Over 200 educators in New Mexico, from early childhood teachers to college professors, signed a letter calling on the New Mexico Oil and Gas Association to stop using disingenuous public campaigns to promote more oil and gas development. These educators want the expansion of revenue sources and lessened dependence on the fossil fuel industry in the state.
“It has been extremely disappointing to watch the oil and gas industry and its allies use educators and students as props in campaigns against progress on climate and clean energy policies,” read a Nov. 30 press release sent by lobbying and public relations communications specialist Charles Goodmacher.
The oil and gas industry makes up the majority of the state general fund, which decides the annual budget for schools, according to Jennifer St. Clair, the lead special education teacher at Carlos Gilbert Elementary School. Over $1.4 billion, or one-third of annual funding for New Mexico schools, comes from the industry, according to the New Mexico Oil and Gas Association’s annual report.
“The oil and gas industry … (paints) themselves as champions of education. The letter was making a case from educators who are frustrated with always being (told) that they should be so grateful and beholden to the industry,” said Amber Wallin, deputy director of New Mexico Voices for Children.
Billie Helean, first-grade teacher and president of Rio Rancho Schools Employees’ Union, said this letter seeks to directly address concerns about the grievous misrepresentation of educator and student interests alike in industry marketing. She said current industry communications paint a “false narrative” that oil and gas will always be necessary to public education.
“Our kids are counting on us to have this planet and our environment ready for them and if we don’t follow through with a promise to them to make sure that they’re safe and healthy and happy, then we’ve failed,” Helean said.
A diversification of the state’s funding portfolio is needed to lessen dependence on oil and gas in New Mexico since the industry funding regularly fluctuates due to swings in production, according to Helean. She said education staff are some of the first budget cuts when funding is short, which results in significantly larger class sizes for teachers that stay on.
“The teacher shortage (in New Mexico) is unbelievable. I feel it every single day starting at 7:45 in the morning until I leave at 4,” St. Clair said. “Every student and teacher is impacted by the teacher shortage and that is directly related to the price of oil and gas.”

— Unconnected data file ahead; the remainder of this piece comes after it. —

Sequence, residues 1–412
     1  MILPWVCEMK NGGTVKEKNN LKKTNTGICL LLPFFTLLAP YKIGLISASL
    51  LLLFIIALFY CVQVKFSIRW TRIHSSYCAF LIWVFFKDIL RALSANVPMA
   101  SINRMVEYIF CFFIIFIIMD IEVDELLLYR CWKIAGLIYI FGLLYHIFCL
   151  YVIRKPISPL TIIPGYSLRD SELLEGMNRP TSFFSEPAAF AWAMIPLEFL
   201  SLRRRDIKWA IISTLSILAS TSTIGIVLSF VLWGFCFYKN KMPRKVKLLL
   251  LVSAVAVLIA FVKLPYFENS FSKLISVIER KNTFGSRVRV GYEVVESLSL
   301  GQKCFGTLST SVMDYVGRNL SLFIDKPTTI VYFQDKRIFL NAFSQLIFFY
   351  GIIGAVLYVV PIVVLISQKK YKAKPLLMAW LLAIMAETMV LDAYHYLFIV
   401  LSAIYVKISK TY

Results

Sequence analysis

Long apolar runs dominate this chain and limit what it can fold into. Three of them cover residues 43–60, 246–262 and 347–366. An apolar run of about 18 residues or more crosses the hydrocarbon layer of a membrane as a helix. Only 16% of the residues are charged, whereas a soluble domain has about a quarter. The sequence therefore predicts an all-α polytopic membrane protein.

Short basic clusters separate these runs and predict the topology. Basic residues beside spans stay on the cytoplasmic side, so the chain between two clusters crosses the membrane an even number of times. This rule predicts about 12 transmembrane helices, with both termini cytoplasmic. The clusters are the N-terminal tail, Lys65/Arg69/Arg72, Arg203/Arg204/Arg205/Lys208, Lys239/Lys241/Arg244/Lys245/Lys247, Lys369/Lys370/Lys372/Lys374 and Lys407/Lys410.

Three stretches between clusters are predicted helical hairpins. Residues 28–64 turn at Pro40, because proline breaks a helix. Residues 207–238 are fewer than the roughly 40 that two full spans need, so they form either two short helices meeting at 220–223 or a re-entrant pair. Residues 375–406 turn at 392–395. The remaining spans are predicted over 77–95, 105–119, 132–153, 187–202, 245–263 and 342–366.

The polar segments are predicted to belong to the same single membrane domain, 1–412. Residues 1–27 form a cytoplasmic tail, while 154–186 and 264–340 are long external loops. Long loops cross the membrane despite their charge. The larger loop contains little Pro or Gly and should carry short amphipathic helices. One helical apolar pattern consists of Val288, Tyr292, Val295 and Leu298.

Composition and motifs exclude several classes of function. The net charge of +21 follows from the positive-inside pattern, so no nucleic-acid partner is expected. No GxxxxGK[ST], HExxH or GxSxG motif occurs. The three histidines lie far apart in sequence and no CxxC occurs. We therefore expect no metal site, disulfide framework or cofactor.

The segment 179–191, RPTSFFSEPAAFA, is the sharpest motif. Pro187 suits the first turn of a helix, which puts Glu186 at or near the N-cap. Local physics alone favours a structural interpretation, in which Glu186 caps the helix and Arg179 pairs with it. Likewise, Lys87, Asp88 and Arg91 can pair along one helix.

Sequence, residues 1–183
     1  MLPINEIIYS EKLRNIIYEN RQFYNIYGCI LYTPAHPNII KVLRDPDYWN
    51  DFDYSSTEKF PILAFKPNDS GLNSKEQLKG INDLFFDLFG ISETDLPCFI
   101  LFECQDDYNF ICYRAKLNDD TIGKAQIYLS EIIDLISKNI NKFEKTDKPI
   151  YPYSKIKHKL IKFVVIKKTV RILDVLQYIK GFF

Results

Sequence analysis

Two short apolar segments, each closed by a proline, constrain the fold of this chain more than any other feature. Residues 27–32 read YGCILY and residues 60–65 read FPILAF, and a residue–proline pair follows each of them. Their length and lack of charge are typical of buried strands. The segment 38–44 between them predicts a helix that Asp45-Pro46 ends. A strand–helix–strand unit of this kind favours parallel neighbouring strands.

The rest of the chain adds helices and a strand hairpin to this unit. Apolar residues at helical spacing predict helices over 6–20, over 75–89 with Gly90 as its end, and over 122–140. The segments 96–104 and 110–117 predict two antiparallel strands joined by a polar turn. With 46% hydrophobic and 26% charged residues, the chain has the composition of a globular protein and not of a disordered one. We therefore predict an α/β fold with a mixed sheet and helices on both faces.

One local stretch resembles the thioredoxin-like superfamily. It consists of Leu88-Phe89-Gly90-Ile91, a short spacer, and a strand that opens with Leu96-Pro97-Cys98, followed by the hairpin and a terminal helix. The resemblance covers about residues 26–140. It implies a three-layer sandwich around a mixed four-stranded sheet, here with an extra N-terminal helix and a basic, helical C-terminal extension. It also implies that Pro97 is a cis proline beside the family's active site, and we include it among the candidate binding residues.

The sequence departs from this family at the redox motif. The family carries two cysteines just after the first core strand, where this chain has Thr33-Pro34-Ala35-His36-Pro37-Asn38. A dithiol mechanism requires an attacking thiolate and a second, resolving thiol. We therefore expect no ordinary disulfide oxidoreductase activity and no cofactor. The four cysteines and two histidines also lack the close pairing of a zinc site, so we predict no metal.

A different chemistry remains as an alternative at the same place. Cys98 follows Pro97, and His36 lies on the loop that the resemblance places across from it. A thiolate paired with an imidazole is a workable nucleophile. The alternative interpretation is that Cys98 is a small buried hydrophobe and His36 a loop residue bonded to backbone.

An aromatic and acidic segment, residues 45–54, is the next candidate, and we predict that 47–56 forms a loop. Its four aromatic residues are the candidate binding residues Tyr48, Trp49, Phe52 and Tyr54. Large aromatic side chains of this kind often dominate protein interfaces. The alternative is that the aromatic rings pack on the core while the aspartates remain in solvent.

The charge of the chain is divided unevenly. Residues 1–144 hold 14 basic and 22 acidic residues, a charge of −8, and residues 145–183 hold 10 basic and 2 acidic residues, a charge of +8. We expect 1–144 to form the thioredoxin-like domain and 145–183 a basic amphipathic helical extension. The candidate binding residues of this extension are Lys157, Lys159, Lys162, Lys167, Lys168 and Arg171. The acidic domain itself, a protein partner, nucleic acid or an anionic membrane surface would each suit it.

The volatility of the oil and gas industry has limited investments in education opportunities because it doesn’t allow for predictability in their annual budget, according to Wallin.
“When things are good, there’s a little more willingness to increase educator salaries,” Wallin said. “When times are bad, that means we can’t even grow with inflation and how much we’re spending.”
St. Clair said she’s concerned about the fluxes in funding from oil and gas because that directly impacts the resources schools are able to provide to students, such as competitive salaries for teachers and therapists.
“We appreciate the funding generated for our state’s education system from every source, including from oil and gas. But relying so heavily on one industry has unfortunately had negative consequences for students as school funding has risen and fallen along with the industry’s fortunes,” the letter reads. “Whether our students receive services they need should never depend on the price of a commodity.”
Emma Mincks, a University of New Mexico Gallagher research fellow, illustrated her concerns about the UNM administration’s continued reliance on “dirty money” from fossil fuels. She said UNM needs to divest from their fossil fuel portfolio and diversify their investments to strengthen the University’s future.
“I signed because I want a future for my students,” Mincks wrote to the Daily Lobo. “I have been inspired by my undergrad students who have expressed fear and concern about how our society treats the environment we live in, and who care intensely about having a livable planet to exist on.”
St. Clair said many teachers are against oil and gas drilling in New Mexico and want the state to diversify its revenues to lessen the public education sector’s dependence on the limited resource. She said the oil and gas industry uses fear tactics, threatening a collapse of the state education system, in their public campaigns to speak out against legislative intervention.
“We’re teachers — we’re very concerned about the future,” St. Clair said. “The future we are trying to create is diametrically opposed to the way the Oil and Gas Association sees the future.”
Wallin said the state and educators can’t count on the oil and gas industry to consistently provide for communities due to its inevitable decline. She said the negative health and environmental impacts caused by the oil and gas industry, along with the unstable revenue, doesn’t put kids first.
“We’re teaching our kids about (climate change) and meanwhile, oil and gas is saying that we are on board with them and we are not,” St. Clair said. “I don’t know a single teacher that’s not concerned about climate change and that’s not concerned about how the price of a barrel of oil impacts our jobs and what we’re able to do for kids.”
Rebecca Hobart is a senior reporter at the Daily Lobo. She can be contacted at email@example.com or on Twitter @rjhobart